27.2.2.1.1 - Unlawful and dangerous act - single punch or strike

A mandatory minimum penalty of imprisonment with a non-parole period of 10 years applies where an offender is convicted of unlawful and dangerous act manslaughter if it was constituted by a single punch or strike to the head or neck: Sentencing Act 1991 s9C.

Crimes Act 1958 s4A provides that a single punch or strike to the head or neck which, by itself, causes injury is deemed to be a dangerous act for the purpose of the law relating to unlawful dangerous act manslaughter: ss4A(1)-(2).

The inclusion of this deeming provision was considered necessary because:

Many coward’s punch deaths are already successfully prosecuted under Victoria’s existing manslaughter laws. However, in some cases it is difficult to prove that a single punch or strike was dangerous – in that it involved an appreciable risk of serious injury. The bill explicitly defines a punch or strike to the head or neck that causes injury as a dangerous act for the purpose of unlawful and dangerous act manslaughter: Sentencing Amendment (Coward’s Punch Manslaughter and Other Matters) Bill 2014, Second Reading Speech, Attorney-General, Robert Clark, Hansard (Legislative Assembly) 20 August 2014, p2824.

The single punch or strike may be one of a series of punches or strikes; it need not be an isolated act: s4A(3).

A single punch or strike ‘may be the cause of a person’s death even if the injury from which the person dies is not the injury that the punch or strike itself caused … but another injury resulting from an impact to the person’s head or neck, or to another part of the person’s body, caused by the punch or strike’: s4A(4).

This provision is designed to capture situations where a punch to the head or neck causes the victim to fall and strike their head on the ground: Sentencing Amendment (Coward’s Punch Manslaughter and Other Matters) Bill 2014, Explanatory Memorandum, p3.

Crimes Act 1958 s4A only applies to an offence alleged to have been committed on or after 1 November 2014. If an offence is alleged to have been committed between two dates, one before and one after 1 November 2014, it is alleged to have been committed before that date: Crimes Act 1958 s624.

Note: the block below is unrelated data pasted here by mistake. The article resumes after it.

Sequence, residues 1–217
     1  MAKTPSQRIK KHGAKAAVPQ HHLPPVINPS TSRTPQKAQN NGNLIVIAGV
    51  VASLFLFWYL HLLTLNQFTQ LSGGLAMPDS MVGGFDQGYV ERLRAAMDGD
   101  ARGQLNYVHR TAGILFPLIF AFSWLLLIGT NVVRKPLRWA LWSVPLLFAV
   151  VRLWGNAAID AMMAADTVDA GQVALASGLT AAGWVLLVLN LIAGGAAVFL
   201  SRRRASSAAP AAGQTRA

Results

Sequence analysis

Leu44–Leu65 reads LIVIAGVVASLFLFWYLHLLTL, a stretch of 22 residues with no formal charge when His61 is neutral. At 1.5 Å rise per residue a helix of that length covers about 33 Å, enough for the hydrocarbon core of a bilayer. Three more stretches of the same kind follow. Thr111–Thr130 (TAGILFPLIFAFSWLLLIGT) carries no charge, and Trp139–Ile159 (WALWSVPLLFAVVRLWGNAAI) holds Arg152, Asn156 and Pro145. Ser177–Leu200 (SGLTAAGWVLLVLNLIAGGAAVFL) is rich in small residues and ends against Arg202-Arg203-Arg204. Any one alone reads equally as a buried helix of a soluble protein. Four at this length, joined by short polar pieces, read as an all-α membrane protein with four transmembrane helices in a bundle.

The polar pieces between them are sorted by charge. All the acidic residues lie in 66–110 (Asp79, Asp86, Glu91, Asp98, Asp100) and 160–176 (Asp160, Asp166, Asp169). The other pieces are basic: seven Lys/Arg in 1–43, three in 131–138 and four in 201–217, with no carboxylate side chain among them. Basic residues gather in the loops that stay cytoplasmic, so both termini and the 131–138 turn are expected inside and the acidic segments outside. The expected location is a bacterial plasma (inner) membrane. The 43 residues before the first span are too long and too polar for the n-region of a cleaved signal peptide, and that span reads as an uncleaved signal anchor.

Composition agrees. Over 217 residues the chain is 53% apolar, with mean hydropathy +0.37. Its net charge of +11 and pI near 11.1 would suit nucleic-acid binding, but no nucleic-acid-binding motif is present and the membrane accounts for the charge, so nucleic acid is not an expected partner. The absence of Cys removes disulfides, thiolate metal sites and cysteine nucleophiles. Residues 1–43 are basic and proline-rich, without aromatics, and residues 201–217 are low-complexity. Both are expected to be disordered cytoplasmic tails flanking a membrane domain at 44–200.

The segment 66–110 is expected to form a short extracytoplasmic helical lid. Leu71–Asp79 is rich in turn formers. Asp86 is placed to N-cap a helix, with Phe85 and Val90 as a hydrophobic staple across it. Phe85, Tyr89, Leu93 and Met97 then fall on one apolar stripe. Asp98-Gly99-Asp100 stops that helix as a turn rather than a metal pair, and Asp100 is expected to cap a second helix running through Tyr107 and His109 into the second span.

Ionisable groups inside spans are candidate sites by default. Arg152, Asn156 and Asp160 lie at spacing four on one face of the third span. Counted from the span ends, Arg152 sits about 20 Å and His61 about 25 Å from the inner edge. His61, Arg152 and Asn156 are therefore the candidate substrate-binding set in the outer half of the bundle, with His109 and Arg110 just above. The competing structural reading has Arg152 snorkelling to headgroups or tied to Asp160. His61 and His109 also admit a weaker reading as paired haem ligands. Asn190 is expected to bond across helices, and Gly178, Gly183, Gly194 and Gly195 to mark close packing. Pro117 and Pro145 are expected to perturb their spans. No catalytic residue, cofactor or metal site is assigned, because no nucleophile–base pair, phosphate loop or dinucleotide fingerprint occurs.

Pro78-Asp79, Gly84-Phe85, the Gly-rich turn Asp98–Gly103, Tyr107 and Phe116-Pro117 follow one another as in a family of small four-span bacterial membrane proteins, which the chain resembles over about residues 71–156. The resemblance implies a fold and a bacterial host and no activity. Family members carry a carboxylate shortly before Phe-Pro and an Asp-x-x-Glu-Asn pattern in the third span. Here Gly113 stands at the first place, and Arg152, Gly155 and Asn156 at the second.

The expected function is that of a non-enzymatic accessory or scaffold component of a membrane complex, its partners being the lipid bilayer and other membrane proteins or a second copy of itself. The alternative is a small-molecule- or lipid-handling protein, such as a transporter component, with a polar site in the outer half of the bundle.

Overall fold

Prerequisites for imposition of sentence

In sentencing an offender for manslaughter committed by an unlawful and dangerous act in the form of a single punch or strike, the court must impose a non-parole period of at least 10 years if:

A court may be satisfied that the offender intended that the punch or strike be delivered to the victim’s head or neck and that the victim was not expecting to be punched by the offender even if the victim was involved in a confrontation with the offender or anyone else before the punch or strike occurs: s9C(4).

Further, the fact that an offender warns a victim of the punch or strike immediately before delivering it does not mean that the victim expected the offender to punch or strike them: s9C(5).

If those requirements are satisfied, the Court must impose a sentence of imprisonment with a non-parole period of at least 10 years, unless the court finds that a special circumstance exists: s9C(2). See 12.7.4.2.1 – Special reasons for not imposing minimum non-parole period.

The mandatory minimum does not apply, however, to offenders under the age of 18 at the time of the offence. Nor does it apply to a person who:

Please note the Supreme Court and County Court Practice Notes establish pre-hearing filing and service requirements where it is submitted that provisions imposing a minimum non-parole period are applicable. See, for the Prosecution, at 3.3.1.1 – Prosecution – Pre-hearing Filing Requirements and, for the Defence, at 3.3.2.2 – Defence – Pre-hearing Filing Requirements.

 

Last updated: 21 February 2017

See Also

27.2.2.1 - Mandatory minimum sentences for particular forms of manslaughter

27.2.2.1.2 - Manslaughter in circumstances of gross violence

27.2.2.1.3 - Notice requirement